The Titans are propping up the bottom of the log after losing their opening two matches against the Dolphins and Highveld Lions, and then suffering the embarrassment of getting zero points from their game against the Knights in Benoni because of a sub-standard, dangerous pitch. It means they are yet to get on the scoreboard as far as the log goes, and are already 10 points behind the second and third-placed Dolphins and Highveld Lions.
The Cobras are the runaway leaders of the competition at present, having won all four of their matches.
“We’re obviously in a much worse position because of what happened at Willowmoore Park and our backs are against the wall. We probably require six wins in our last seven games to make the semi-final, but that’s not unfamiliar territory for us. We’ll do whatever we can to fight our way back into it, much like we did last season,” Walter told The Citizen yesterday.
“The players certainly don’t believe they’re dead and buried, you can see their hunger and we know that if we play to the best of our ability, then we can beat anyone.”
It would nevertheless be silly not to consider the Titans as underdogs, even on their home turf, against a Cobras side that is rapidly establishing itself as the most dominant franchise across the board in South African cricket.
Walter said the Titans see the Cobras as the team to beat.
“They’re obviously the form side, a high-quality team, and they’re nine points ahead of everyone else for a reason. To get three bonus-point wins out of four games shows they’re playing seriously good cricket,” he said.
But if the Titans can find that elusive performance where both the batting and bowling click in the same game (and the fielding has to improve as well), then it will be possible for them to beat the Cobras.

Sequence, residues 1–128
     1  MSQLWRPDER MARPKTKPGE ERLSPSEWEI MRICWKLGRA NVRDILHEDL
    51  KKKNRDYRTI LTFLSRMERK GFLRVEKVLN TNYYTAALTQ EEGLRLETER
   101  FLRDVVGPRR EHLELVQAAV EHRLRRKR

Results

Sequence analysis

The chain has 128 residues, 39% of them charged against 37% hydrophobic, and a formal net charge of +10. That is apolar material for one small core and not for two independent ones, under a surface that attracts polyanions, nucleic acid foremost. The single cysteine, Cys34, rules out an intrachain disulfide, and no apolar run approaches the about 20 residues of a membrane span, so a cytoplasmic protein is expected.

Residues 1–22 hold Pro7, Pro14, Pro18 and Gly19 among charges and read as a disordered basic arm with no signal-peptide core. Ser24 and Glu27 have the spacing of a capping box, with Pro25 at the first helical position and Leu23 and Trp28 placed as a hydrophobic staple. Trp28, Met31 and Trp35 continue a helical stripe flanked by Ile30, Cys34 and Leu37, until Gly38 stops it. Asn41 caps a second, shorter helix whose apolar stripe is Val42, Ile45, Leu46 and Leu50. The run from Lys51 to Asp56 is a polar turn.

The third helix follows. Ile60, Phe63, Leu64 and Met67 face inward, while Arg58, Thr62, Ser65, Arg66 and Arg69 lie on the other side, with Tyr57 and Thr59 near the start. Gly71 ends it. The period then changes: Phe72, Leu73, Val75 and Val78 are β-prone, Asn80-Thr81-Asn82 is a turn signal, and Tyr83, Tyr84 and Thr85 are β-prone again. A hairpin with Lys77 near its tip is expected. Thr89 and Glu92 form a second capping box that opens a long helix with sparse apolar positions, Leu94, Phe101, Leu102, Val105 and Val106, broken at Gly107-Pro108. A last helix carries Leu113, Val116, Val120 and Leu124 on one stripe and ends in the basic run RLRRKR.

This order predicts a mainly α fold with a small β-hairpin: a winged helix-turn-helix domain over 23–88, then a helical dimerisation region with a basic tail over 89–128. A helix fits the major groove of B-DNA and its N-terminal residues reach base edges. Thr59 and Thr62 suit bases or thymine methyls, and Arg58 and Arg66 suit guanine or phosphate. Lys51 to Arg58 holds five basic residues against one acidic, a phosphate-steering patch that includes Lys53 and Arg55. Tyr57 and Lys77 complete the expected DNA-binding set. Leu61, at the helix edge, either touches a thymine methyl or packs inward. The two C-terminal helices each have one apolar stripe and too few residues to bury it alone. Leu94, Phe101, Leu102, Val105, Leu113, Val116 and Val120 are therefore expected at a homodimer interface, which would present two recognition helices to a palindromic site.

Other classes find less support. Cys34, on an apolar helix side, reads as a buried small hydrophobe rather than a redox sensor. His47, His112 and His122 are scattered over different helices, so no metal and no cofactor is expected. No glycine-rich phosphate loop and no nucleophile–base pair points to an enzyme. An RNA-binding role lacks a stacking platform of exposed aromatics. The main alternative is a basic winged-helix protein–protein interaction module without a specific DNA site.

The key factor for the home side will be whether they can contain the powerhourse Cobras batting line-up: opener Andrew Puttick is the leading run-scorer in the competition with 339 at an average of 113, with a century and three fifties in his four innings; Stiaan van Zyl and Justin Ontong are both averaging over 50 and Sybrand Engelbrecht and Dane Vilas showed their form in the lower middle-order with their stand of 137 off 14 overs in the previous match against the Knights.
The best way to contain will be to take regular wickets, especially up front, and that makes strike bowler Marchant de Lange the key man.
“In this format, early wickets are crucial because if there’s a set batsman in at the end, then they tend to run away with things. And the Cobras bat all the way down, guys like Robin Peterson and Rory Kleinveldt have only faced 13 balls between them in their four matches, so they bat deep.
“But if we can put it all together, batting and bowling in the same game, and if we can learn to win games if you haven’t necessarily bossed from the start, then we can deliver,” Walter said.